Analysis of Ash and Slag Deposits at George Washington's Mount Vernon
Author(s): Lily Carhart
This is an abstract from the "Meaning in Material Culture" session, at the 2019 annual meeting of the Society for Historical Archaeology.
In 1987, two large features consisting primarily of slag, ash, charcoal, iron waste and trim, were excavated in the area known as the North Grove at George Washington’s Mount Vernon. This area, directly north of the mansion, is adjacent to the blacksmith shop, which led to the conclusion that the features were the primary blacksmithing waste deposits. However, the blacksmith shop is likely not the sole origin of this material. Ash and other waste products were also being generated in other nearby locations including in the mansion itself. This paper analyzes the waste products found in these deposits to identify fuel sources and manufacturing techniques used in the blacksmith shop and moreover, to explore the significance of the location of these deposits in their proximity not only to the blacksmith shop and other dependencies, but also to domestic spaces of both the Washingtons’ as well as the enslaved community’s.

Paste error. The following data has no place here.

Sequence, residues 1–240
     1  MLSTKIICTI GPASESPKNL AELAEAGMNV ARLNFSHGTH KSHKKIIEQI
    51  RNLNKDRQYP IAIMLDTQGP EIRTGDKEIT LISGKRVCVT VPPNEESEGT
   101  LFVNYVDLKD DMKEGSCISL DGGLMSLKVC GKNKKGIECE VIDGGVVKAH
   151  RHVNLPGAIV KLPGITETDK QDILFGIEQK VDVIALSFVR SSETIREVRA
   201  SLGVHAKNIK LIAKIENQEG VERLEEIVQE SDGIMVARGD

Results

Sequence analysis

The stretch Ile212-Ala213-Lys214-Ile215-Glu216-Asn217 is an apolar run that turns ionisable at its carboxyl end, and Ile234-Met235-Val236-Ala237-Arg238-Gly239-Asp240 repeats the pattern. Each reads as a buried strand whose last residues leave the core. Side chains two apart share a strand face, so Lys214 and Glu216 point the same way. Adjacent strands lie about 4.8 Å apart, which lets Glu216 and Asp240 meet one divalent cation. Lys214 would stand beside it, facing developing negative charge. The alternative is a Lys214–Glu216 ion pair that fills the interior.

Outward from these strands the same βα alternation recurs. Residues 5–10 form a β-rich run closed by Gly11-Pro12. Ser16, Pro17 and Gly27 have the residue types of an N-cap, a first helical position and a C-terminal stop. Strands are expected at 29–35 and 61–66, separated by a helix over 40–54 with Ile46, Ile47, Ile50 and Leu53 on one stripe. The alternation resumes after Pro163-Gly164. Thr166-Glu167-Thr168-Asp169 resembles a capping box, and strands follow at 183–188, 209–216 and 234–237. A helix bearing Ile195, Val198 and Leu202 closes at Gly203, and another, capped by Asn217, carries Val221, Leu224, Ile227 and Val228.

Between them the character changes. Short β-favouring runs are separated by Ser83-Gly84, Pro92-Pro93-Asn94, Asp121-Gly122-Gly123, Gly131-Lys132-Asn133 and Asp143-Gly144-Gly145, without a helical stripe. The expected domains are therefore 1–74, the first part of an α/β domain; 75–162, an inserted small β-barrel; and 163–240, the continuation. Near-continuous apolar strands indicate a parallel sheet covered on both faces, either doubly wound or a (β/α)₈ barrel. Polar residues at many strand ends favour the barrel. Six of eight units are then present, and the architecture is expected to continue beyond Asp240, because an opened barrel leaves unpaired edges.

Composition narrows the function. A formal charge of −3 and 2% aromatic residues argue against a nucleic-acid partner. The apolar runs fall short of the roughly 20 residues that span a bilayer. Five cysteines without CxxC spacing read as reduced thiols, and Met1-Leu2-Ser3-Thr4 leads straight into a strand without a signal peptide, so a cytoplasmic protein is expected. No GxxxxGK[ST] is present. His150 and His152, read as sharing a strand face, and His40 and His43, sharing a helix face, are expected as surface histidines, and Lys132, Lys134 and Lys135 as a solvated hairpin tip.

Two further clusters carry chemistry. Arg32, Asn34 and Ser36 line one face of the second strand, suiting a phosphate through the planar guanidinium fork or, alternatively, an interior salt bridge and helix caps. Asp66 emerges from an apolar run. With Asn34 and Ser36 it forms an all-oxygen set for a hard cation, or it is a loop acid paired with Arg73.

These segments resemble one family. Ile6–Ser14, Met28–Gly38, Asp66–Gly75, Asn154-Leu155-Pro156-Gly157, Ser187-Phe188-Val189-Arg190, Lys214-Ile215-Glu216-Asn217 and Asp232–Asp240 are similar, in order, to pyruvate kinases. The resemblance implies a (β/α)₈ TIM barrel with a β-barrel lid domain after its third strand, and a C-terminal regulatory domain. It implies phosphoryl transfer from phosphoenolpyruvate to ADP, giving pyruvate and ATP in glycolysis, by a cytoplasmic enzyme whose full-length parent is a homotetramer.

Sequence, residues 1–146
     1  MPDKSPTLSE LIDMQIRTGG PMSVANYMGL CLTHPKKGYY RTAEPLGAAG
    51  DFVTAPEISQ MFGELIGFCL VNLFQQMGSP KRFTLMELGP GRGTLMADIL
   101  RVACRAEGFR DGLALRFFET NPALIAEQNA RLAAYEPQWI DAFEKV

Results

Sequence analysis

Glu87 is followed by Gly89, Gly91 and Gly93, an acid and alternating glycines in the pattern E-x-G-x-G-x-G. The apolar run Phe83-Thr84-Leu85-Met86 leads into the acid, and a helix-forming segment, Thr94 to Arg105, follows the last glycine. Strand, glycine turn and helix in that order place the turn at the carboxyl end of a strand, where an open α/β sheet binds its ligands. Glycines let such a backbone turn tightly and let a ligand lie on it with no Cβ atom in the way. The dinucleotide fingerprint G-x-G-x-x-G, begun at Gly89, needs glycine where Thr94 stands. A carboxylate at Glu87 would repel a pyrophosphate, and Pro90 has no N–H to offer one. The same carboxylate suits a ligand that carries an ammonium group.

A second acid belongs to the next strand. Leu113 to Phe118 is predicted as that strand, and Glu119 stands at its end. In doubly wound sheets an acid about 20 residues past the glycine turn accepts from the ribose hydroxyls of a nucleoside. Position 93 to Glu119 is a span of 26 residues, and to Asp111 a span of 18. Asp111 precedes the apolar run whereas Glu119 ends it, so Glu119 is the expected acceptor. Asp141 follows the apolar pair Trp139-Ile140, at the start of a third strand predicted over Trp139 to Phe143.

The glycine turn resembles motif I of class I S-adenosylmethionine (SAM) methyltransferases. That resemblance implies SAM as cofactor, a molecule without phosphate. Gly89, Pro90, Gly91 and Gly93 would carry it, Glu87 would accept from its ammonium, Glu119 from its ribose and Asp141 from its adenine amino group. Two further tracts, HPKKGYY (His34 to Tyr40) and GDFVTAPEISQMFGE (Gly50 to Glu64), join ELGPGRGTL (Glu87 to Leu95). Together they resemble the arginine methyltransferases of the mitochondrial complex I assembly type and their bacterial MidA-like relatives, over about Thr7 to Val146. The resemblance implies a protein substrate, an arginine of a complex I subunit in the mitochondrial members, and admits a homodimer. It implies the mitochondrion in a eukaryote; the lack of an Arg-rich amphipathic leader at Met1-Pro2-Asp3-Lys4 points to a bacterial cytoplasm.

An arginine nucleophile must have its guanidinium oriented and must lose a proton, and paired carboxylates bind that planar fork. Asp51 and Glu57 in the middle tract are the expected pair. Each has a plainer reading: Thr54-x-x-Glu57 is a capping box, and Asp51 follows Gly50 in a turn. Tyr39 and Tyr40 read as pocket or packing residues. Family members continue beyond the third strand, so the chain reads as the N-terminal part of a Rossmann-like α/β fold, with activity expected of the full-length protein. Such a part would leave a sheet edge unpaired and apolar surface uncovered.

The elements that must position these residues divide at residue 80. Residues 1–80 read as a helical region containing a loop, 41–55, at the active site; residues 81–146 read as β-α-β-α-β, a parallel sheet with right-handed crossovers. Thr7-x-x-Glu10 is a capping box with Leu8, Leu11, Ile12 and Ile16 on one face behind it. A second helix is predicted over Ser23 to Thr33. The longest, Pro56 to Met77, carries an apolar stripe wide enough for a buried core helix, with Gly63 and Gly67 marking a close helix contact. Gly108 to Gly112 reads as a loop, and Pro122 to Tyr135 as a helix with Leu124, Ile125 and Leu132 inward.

Cite this Record
Analysis of Ash and Slag Deposits at George Washington's Mount Vernon. Lily Carhart. Presented at Society for Historical Archaeology, St. Charles, MO. 2019 ( tDAR id: 449130)
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min long: -129.199; min lat: 24.495 ; max long: -66.973; max lat: 49.359 ;
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